Article Number: DRJAFS11832443
ISSN: 2354-4147

Vol. 10(5), Pp. 119-125, May 2022

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Author(s) retain the copyright of this article

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Creative Commons Attribution License 4.0.

Original Research Article

Threats and Conservation Strategies of Pygmy Hippopotamus (Choeropsis liberiensis) in Tiwai Island, Sierra Leone

Janet Bonyah Saidu

Adewumi Abraham Adebayo

Udo Albert Jeremiah

Lameed Gbolagade Akeem


The pygmy hippopotamus (Choeropsis liberiensis) is one of the rarest animals to be found in and around Tiwai Island in Sierra Leone. An assessment of species’ threats and causes is important to establish a robust baseline for future conservation efforts. There is insufficient information on the threats to C. liberiensisin and around Tiwai island, hence, this study. The study was conducted at Tiwai Island edge communities, South-Eastern Sierra Leone; seven communities (Mapoma, Segbema, Geima, Kabama, Jenneh, Nyanahun, and Booma) on both sides of the island were purposively sampled based on the objectives of the study. The data were obtained using a structured questionnaire, oral interview, and reconnaissance surveys. The level of impact of poaching, habitat loss and fragmentation, climate change, and illegal wildlife trade was high, human-wildlife conflict was moderate and natural predator was low. Urbanization, poverty, agricultural expansion, lack of adequate legislation to prohibit illegal trading, greed, lack of proper funding, diverse demand and usage, were all identified to be the causes of the threats in and around the study area. Additionally, habitat loss and fragmentation were identified to be the primary threats to the quality, extent and continuity of habitat in pygmy hippopotamus range in and around Tiwai Island. Likewise, some of the food items consumed by the species are been competitive with human utilizations. Thus, conservation education programs about C. liberiensis and other remarkable wildlife species should be carried out in communities in and around Tiwai Island. Furthermore, community farmers should be warned from clearing of water catchment areas, forests, plantations, and swamps edges as these are areas plants are wildly grown that served as food preferences for pygmy hippos.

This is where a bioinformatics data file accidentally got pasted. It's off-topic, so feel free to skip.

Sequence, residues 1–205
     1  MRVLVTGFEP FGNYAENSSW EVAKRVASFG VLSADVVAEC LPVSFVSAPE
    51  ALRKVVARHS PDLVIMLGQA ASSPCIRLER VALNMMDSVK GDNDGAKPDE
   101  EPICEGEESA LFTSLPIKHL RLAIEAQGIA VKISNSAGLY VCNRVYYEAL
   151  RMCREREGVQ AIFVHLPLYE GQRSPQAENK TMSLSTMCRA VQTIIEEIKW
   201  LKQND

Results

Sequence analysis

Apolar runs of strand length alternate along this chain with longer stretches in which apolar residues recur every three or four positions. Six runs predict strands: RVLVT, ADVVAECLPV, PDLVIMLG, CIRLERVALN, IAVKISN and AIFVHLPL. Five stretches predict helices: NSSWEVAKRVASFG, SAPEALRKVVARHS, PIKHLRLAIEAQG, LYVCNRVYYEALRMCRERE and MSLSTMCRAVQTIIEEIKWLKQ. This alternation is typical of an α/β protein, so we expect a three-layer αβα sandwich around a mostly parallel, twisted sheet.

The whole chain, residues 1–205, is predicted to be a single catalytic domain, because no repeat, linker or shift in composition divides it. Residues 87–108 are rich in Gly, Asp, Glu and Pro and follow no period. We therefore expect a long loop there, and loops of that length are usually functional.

Keywords: C. liberiensis, Endangered Species, Tiwai Island, Wildlife threats, Wildlife conservation

 Received: March 21, 2022  Accepted: April 24, 2022  Published: May 9, 2022

Copyright © 2022 Direct Research Journal of Agriculture and Food Science